GOTKINE: For now, though, Israel is hoping omicron's possibly lower level of severity, together with the rollout of the second booster, will help keep the number of serious cases down, and that like other Covid waves before it, this one, too, shall pass.


GOTKINE: And another piece of news. Israel, which bought itself a bit of time by pretty much closing its borders to foreigners, is now relaxing those closures. So people coming from orange-rated countries who are vaccinated or recovered will be allowed in. They'll only have to quarantine for a maximum of an hour. Those who are unvaccinated will have to do at least a week of quarantine. Though I should say, the countries remaining on the red list, the no-fly list, will -- are the United States, the U.K., and the UAE, among others.


BERMAN: That is interesting.

Elliott, as I said, the world watching what is happening in Israel today. Thanks so much for being with us.

BRIANNA KEILAR, CNN ANCHOR: As more people are experiencing a Covid infection, there are new questions about long-term Covid or long Covid and what we know.

Dr. Jason Maley is an instructor in medicine at Harvard Medical School. He is the director of the Beth Israel Deaconess Medical Center's Critical Illness and Covid-19 Survivorship Program.

Doctor, thank you so much for being with us.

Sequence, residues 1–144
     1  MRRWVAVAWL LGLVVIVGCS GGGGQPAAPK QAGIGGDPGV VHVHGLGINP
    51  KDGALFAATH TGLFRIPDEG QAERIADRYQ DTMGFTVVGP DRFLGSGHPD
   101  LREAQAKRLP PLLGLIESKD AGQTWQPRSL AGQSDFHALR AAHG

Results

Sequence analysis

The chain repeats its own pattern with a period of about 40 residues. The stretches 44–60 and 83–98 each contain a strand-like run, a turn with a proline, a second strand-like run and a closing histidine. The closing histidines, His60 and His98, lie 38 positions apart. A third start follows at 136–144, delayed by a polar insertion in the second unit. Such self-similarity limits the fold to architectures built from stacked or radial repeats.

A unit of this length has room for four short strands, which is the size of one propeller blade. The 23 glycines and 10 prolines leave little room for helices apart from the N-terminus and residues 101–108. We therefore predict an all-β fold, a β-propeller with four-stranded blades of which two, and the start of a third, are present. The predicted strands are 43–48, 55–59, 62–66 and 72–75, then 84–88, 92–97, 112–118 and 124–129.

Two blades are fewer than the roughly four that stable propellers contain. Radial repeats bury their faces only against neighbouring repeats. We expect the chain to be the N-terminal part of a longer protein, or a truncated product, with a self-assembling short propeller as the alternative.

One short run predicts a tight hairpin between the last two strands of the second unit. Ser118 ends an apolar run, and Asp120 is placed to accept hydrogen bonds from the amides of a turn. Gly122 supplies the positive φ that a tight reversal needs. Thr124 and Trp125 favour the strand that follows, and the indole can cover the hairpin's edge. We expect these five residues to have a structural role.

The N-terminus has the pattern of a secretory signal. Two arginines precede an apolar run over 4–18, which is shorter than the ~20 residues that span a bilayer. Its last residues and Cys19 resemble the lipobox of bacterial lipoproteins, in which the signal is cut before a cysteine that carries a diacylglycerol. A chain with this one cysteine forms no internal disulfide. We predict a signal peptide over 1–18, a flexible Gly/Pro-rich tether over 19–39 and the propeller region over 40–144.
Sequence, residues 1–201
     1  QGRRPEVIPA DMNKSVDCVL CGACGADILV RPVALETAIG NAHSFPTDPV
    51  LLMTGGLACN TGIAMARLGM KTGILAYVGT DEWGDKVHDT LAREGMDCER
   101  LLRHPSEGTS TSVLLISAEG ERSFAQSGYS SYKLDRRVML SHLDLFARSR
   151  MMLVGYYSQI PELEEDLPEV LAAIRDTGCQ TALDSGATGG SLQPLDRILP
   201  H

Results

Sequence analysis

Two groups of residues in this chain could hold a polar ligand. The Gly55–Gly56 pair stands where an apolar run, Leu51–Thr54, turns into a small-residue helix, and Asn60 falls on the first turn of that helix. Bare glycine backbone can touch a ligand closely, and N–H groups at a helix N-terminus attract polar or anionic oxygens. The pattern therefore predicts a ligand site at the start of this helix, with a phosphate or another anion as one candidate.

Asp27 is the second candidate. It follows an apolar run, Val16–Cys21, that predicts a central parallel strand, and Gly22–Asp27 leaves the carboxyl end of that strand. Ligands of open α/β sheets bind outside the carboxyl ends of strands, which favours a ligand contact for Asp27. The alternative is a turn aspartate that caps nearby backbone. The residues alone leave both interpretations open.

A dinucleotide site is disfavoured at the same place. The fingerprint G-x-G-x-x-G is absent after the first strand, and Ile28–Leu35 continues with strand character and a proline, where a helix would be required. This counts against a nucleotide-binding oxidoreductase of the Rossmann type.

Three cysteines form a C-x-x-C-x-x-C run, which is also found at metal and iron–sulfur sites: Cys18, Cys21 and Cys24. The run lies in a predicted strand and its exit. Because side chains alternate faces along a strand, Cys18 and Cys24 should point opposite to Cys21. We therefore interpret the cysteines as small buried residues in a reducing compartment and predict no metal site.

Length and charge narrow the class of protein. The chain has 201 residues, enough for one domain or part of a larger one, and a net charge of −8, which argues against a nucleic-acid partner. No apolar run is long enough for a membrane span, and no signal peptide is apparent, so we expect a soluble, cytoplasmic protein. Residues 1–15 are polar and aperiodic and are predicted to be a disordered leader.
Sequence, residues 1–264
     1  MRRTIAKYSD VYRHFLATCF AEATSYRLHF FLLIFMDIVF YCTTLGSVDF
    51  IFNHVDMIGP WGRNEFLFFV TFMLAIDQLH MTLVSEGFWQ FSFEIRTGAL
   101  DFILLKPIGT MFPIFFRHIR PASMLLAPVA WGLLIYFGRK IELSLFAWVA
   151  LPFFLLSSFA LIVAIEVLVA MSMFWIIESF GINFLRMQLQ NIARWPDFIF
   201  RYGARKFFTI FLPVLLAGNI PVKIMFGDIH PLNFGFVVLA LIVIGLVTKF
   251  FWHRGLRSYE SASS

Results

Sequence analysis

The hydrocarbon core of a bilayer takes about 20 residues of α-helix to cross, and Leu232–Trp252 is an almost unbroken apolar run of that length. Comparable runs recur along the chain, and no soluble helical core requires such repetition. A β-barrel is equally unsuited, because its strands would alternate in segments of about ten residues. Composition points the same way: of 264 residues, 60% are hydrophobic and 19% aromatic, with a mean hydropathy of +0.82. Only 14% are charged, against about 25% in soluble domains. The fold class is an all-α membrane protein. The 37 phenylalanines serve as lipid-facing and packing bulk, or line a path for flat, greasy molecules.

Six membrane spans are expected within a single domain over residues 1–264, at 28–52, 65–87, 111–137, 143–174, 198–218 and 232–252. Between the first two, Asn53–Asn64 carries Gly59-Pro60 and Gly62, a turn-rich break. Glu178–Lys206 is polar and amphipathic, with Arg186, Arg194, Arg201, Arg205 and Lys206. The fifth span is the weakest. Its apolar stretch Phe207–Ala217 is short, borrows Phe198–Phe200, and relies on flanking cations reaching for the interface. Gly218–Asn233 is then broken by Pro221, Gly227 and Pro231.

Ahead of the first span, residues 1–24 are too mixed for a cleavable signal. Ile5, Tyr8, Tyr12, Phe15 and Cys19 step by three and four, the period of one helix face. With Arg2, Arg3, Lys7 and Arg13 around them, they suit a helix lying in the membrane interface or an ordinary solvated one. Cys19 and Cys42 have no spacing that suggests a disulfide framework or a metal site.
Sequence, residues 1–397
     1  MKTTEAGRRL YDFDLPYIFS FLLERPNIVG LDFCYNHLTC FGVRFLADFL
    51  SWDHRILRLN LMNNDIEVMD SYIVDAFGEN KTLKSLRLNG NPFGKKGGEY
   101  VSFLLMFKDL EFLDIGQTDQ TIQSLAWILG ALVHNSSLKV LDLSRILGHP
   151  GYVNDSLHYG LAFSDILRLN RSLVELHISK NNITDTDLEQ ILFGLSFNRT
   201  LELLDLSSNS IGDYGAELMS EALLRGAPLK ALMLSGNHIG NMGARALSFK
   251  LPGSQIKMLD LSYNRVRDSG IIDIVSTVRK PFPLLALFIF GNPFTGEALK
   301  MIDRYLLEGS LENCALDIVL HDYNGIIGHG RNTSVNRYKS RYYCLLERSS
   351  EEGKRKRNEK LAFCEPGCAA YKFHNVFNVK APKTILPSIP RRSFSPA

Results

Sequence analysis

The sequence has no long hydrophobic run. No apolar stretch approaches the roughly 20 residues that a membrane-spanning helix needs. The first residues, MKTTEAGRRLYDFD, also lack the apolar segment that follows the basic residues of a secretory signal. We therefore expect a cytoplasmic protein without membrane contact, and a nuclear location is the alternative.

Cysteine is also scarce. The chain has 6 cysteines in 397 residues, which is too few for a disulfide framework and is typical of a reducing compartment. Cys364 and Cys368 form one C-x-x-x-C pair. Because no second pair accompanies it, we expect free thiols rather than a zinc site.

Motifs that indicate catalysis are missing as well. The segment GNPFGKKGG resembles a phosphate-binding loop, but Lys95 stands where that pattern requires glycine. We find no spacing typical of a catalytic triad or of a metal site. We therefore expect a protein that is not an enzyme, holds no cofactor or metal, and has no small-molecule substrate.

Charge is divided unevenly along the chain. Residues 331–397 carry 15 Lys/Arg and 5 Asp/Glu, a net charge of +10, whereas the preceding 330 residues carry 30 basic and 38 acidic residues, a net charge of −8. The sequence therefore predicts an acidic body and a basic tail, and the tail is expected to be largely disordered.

When we talk about long Covid, and I think a lot of people have heard about this by now, we're talking about things like debilitating brain fog and fatigue and other symptoms that can last for months on end.

What are doctors seeing?

DR. JASON H. MALEY, INSTRUCTOR IN MEDICINE, HARVARD MEDICAL SCHOOL: Yes, that's right. Exactly that. We're seeing patients who mainly had mild Covid initially. And as they recover, they either have continuation of those symptoms, like shortness of breath or debilitating fatigue, or they may feel improvement for some period of time. And then over the coming weeks and months, after recovering, they start to notice that their thinking is different, their memory is not as sharp as it used to be. They have difficulty breathing. Their heart races when they move around. They have unexplained pains and really many symptoms head to toe that are affecting people and, in some cases, persisted.

KEILAR: I think that's one of the toughest things about long Covid is the risk factors for actual Covid, like diabetes, like obesity, those are not the risk factors for long Covid. As you said, there are people who are very healthy who are suffering this.